Sunday, 31 October 2010

Just to watch him die...

(this really should have been posted in the first week of October...)


Ladies and gentlemen, welcome, to the loudest acoustic evening of your lives...

The Airborne Toxic Event's Mikel Jollett didn't actually say this in Edinburgh last week but he might just as well have...I think the acoustic guitars maybe lasted until about midway through the second song when they were ditched in favour of the full on post-punk-Jam-Clash-U2-if-they-were-any-good wig-out.

My god (that'll be Billy Connolly or Chic Charnley then) this lot are good. That perhaps drags understatement into a whole new sphere. The Airborne Toxic event are fantastic: energetic, tuneful, melodic, exciting, inspiring, grinning, bouncing, anthemic, clever, funny, mesmerising, throbbing and loud. In short, absolutely everything you could ever want in a band.

Any band, yes, any band who have the sheer cajones to segue from their own "Missy" into Springsteen's "I'm on Fire" then into a rockabilly/punk version of "Folsom Prison Blues" has got to be worth seeing. The energy of the Cash cover in particular reminded us all where Johhny Rotten and co. got their ideas from. In my mind's eye, as I watched Mikel and the gang, all I could see was this:

Really. That good.

Obviously I could go on and on and do a full gig-review and all that kind of thing but really, for a flavour of just how fantastic they were (and are) the other fans who've seen them over the last year or so provide a great variety of positivity here.

One reviewer, though, reminded me of part of the evening which should be adopted by other frontmen at gigs: one particularly talkative punter near the front was chatting all the way through the opening couple of numbers and clearly, in such an intimate setting, was making himself heard by everyone from the drummer to the stewards at the back of the hall. Mr. Jollet proceeded to lob a plectrum and a volley of abuse in his face much to the delight of the crowd - "that's the great thing about Scotland, you either wanna love someone or beat their f***in heads in!"

Yup. The Man In Black would be proud, after all, Johnny shot a man in Reno for less...

Tuesday, 12 October 2010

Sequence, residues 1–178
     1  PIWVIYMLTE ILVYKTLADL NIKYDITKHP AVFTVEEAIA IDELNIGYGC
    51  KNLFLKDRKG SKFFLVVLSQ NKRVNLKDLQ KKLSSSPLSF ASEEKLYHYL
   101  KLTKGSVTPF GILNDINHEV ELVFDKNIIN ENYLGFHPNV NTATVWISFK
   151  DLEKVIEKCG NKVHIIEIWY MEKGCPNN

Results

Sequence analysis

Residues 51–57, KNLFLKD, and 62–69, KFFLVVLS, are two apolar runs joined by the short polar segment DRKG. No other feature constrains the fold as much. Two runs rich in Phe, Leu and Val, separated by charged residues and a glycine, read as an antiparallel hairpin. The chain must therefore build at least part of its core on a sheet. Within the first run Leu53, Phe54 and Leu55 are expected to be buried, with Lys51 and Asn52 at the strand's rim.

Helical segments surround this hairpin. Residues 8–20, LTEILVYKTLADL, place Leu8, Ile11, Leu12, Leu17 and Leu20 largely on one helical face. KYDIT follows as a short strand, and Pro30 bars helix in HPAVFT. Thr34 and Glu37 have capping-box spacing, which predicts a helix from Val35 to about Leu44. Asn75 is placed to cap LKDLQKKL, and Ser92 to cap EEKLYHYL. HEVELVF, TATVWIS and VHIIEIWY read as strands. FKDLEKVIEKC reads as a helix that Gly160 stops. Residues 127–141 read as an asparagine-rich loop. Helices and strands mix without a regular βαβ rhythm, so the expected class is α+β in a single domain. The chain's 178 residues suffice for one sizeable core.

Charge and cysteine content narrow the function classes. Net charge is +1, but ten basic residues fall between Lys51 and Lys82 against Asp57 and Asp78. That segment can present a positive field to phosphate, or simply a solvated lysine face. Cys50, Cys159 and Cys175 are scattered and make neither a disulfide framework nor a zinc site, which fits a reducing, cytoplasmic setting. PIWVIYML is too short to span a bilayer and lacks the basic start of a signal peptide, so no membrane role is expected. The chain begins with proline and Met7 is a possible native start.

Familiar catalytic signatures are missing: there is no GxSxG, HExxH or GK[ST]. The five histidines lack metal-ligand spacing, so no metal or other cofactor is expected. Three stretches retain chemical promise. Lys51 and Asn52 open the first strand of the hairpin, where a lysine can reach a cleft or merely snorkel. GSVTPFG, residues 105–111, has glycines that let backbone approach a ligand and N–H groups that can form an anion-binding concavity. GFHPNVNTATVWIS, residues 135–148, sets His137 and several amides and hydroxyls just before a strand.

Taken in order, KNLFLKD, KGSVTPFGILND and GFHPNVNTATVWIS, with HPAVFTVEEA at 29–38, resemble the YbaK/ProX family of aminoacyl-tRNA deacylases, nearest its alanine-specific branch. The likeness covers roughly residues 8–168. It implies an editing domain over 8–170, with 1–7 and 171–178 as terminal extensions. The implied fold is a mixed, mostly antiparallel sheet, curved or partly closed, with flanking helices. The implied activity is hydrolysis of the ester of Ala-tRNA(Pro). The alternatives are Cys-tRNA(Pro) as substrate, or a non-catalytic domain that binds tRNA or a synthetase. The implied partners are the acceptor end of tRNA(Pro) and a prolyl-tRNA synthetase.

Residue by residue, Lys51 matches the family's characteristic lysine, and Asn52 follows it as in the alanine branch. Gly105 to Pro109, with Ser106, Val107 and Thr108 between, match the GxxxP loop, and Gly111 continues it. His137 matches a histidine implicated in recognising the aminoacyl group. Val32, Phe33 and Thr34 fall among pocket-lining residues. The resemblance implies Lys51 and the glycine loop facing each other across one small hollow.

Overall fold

You'll be betrayed by your accent and manners...

Well that was an, albeit brief, education.

Seeing as how we are, in actual fact, in the city (Edinburgh) I thought I'd start this blog with a wee Jam lyric. The musically inclined amongst you will spot that indeed I have...but it's from 'Strange Town' and not 'In The City'. How the memory plays tricks. I'd convinced myself that "they say don't know, don't care and I gotta go mate" - Mr. Paul J Weller's tale of a young man coming to London from the outlying provinces -Woking in his case - and finding the big city a tad unfriendly, was told in 'In The City'.

A quick Google gave me pages of lyrics for the song but not the ones I recognised. What on earth was going on? Searching for the lyric rather than the title brought me to Strange Town...whaddya mean all The Jam's songs sounded the same?!

Anyway, none of this is the point. The point is we're in, what for the kids at any rate, is a strange town. Much uncharacteristically tight hand-holding and country-comes-to-town gazing up at high things and double decker buses as we walked from our hotel to the playpark in Princes Street Gardens.

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I once wrote, many years ago now, on another blog, about how a trip to Ireland had been measured in playparks on account of the wee man's obsession for a swing and a seesaw. It's easy to see the attraction. You get to run about mad, jump on things, make a racket and bounce up and down without so much as a sideways glance from the parentals.

It's a bit like being a child in a primary school. I josh.

The park diverted the weans for a good forty minutes before a wee grey squirrel had them tearing off in hot pursuit. Their hot pursuit, however, soon had the little rodent tearing off in the opposite direction...

Onwards then towards the bright lights of Lothian Road in search of some child-friendly sustenance. Having gotten over the shock - and major disappointment - of our old BC (before children) haunt, The Traverse Theatre Cafe Bar, being closed...

...I took the munchkins across the road, past the newly funked-up Usher Hall, to the Filmhouse.

Six o'clock on an October Sunday and it was heaving - a real cross-section of folks, all tucking into hearty looking (if a trifle lentil-friendly) fayre...a tad on the pricey side though and none of the spaghetti bolognese that the youngest had been requesting...I don't think the veggie lasagne or chickpea curry would have satisfied her somehow. Och well, across the road once more to cheap & cheerful Dario's for pizza and pasta. Sometimes simple is best.

On the plus side, we returned to the Filmhouse later for ice cream and a pint. Vanilla for me, IPA & Guinness for the wee ones...

Edinburgh. Done.